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Windows Laptop Security - Encryption and Other Options Part 2 of 2

written by: jeff•edited by: Lamar Stonecypher•updated: 4/13/2009

Securing Windows Laptops via hard drive encryption Encrypt the entire o/s drive. Securing Data was never easier No excuses for not securing your data - corporate or private! Also: Stolen laptops recovery tools

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    Windows Laptop Security – Encryption and Other Options - Part 2 of 2

    In Part 2, we look at Windows hard drive encryption. In addition, we take a brief look at options for recovering stolen laptops.

    Windows Hard Drive Encryption

    Microsoft Windows BitLocker Drive Encryption with TPM (Trusted Platform Module – see references at end of article) is Microsoft's blessed offering to provide full-on entire o/s and hard drive encryption. This offering does various pre-boot verification of critical files, comparing checksums and related keys, in order to determine if the o/s should even boot. BitLocker works in conjunction with hardware- and firmware-embedded verification mechanisms termed TPM – Trusted Platform Module. If the Windows o/s hard drive should be removed from its associated laptop then, due to the TPM key-matching algorithms and, without the appropriate BitLocker key, the hard drive would be unusable in any other system but the one for which it was intended – the one on which the BitLocker encryption was initially enabled.

    TPM itself is included in most business-class laptops sold today – sometimes as a default option and sometimes as a requested option.

    Note that there are also commercial non-Microsoft laptop hard drive encryption offerings, such as Dekart's “Private Disk” and the free utility “TrueCrypt” (see references below). These products claim to offer similar levels of pre-boot verification, but not all such products work seamlessly with TPM; some such products are standalone, and as such, are not entirely as locked down as the BitLocker-TPM combination.

    With this level of hard drive and o/s encryption, there is a very high degree of comfort in realizing that, if the laptop it stolen, there is little chance that any data will be compromised.

    Other third-party Windows hard drive encryption offerings:

    Commercial: .

    Dekart's “Private Disk” encryption utility - great for encrypting thumb drives and even fixed data (non-o/s) drives.

    Free:

    TrueCrypt can encrypt entire o/s disk or data disk.

    Windows XP Professional Stolen Laptop Recovery Options

    As a part of Windows laptop security, encryption should go hand-in-hand with laptop “location-and-recovery” services such as CyberAngel and Adeona (see references below). Adeona is the first free Open Source offering for tracking the location of your lost or stolen laptop. Some such services use GPS location; some are software-only; others are hardware- or firmware-embedded; others use Wi-Fi triangulation, in conjunction with GPS to help locate and recover a lost or stolen laptop. Note also that CyberAngel and some other tools in the same class provide end-to-end complete hard drive encryption or file- and folder-based encryption – in attempts to be a one-stop laptop security solution.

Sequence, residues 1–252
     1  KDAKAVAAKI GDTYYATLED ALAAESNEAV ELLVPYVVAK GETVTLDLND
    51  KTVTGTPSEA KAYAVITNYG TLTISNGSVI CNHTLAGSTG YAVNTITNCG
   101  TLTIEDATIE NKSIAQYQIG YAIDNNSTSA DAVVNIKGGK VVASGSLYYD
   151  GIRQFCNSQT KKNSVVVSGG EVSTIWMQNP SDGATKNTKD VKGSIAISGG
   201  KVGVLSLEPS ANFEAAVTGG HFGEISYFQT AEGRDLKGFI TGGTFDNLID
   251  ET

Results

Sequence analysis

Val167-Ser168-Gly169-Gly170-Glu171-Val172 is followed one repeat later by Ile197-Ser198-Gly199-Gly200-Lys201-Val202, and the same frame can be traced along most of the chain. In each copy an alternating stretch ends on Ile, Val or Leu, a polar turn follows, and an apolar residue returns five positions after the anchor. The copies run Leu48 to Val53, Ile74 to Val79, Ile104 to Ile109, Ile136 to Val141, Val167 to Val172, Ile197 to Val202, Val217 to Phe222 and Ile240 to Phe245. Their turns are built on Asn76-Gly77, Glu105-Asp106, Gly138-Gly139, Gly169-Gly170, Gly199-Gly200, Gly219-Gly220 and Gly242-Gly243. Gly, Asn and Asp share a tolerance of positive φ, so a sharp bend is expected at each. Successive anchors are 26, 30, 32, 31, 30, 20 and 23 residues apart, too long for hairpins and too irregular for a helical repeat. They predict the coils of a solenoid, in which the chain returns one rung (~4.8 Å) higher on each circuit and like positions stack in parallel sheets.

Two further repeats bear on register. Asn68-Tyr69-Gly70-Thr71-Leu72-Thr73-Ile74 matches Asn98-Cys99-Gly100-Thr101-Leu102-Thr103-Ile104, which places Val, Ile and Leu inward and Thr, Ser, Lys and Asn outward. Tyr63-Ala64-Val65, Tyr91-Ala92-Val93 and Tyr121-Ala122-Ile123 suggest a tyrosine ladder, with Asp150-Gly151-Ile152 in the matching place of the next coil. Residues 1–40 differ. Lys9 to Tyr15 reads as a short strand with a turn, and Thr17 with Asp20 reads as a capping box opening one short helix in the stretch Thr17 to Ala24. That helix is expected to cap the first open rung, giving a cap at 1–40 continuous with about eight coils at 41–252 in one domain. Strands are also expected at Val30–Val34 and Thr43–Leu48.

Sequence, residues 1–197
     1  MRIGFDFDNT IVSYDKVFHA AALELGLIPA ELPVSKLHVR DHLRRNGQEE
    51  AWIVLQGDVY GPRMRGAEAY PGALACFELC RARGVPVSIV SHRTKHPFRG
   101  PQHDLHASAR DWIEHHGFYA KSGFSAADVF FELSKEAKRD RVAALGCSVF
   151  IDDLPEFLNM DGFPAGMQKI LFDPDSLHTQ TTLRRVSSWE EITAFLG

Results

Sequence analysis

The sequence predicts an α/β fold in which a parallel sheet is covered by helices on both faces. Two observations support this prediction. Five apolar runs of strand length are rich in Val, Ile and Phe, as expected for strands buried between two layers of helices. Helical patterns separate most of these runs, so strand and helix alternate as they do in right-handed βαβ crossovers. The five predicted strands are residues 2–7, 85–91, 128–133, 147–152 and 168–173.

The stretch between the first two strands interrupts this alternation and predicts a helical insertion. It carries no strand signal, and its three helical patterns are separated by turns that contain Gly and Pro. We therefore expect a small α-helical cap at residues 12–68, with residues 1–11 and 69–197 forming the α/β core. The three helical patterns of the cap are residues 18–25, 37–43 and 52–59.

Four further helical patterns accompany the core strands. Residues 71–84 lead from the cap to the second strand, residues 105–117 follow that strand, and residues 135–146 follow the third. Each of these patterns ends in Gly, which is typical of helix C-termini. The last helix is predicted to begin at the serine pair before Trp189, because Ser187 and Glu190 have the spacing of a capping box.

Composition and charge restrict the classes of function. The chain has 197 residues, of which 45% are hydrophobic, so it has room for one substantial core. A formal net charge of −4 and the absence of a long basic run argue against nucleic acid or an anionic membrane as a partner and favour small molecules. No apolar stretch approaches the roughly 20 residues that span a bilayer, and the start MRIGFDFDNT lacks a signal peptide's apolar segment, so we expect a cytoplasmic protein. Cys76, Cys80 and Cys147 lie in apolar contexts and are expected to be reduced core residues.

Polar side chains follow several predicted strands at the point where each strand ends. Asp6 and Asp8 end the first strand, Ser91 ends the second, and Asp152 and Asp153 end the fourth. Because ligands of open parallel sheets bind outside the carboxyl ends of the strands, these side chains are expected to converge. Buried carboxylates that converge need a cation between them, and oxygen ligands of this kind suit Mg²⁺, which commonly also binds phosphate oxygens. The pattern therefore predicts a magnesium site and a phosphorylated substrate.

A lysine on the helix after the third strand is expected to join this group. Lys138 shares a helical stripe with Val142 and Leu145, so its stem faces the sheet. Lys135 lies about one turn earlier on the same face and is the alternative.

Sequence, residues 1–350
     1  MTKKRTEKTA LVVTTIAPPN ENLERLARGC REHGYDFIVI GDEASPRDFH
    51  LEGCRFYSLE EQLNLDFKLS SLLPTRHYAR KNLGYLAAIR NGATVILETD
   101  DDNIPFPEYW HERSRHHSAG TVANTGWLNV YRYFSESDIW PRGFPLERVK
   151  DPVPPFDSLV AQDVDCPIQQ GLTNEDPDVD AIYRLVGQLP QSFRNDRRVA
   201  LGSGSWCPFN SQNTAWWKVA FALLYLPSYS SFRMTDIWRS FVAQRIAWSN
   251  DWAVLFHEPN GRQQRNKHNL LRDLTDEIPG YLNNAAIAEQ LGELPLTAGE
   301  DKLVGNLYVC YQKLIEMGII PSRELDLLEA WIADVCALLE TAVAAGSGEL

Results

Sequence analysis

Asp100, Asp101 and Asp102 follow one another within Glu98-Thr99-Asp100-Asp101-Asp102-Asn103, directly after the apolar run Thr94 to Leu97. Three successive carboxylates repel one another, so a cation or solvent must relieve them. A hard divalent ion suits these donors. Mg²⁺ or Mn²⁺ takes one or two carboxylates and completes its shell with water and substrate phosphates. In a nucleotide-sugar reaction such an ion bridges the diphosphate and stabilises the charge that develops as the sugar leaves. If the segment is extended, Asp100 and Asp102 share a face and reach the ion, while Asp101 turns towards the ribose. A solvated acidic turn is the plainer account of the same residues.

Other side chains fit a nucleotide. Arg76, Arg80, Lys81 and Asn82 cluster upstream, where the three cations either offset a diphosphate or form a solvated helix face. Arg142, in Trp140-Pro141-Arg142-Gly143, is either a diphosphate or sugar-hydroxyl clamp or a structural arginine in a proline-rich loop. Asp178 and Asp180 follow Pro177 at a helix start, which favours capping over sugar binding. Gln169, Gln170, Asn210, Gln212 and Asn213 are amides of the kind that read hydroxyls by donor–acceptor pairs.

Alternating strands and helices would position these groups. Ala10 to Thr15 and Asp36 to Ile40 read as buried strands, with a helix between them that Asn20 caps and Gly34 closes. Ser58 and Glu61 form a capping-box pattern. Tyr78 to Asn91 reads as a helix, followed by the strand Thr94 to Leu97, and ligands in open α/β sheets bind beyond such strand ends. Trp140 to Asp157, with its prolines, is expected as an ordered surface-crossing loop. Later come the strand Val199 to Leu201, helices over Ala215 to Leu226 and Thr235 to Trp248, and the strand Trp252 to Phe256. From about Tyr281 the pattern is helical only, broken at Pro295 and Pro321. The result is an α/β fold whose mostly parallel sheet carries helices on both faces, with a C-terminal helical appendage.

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    Conclusions

    Clearly there are both free and commercial file and disk encryption utilities for Windows-based systems, including XP, Vista and Windows Server platforms. For hard drive encryption, best practice dictates that you should use the tool designed by the vendor at the o/s level – BitLocker. Using tools such as BitLocker, in conjunction with Trusted Platform Module, provide an almost unbreakable encryption scenario for your entire o/s and related data; thus providing you with the ability to sleep easily at night, knowing that, if your laptop is stolen, your data cannot be compromised.

    Additionally, such tools as CyberAngel and other laptop recovery tools, can provide yet another level of peace of mind – knowing that there may be a possibility of recovering your physical laptop in the event it is lost or stolen.

    Last but not least, simple best practices, such as storing minimal unencrypted or sensitive information on your laptop and, instead, storing your more sensitive data on network drives at your workplace, can also provide an added measure of security to your laptop data. The added best practice of storing copies of sensitive data on removable drives, which you always keep on your person, adds still another layer of comfort, security and safety regarding intellectual property, sensitive data, and ability to recover.

    References

    Microsoft BitLocker and TPM Technical Overview

    http://technet.microsoft.com/en-us/library/cc732774.aspx

Windows Laptop Security - Encryption and Other Options

In this series, we review Windows file encryption, folder encryption, o/s hard drive encryption, sensitive data best practices, and we take a brief look at lost or stolen laptop recovery tools.
  1. Windows Laptop Security - Encryption and Other Options - Part 1 of 2
  2. Windows Laptop Security - Encryption and Other Options Part 2 of 2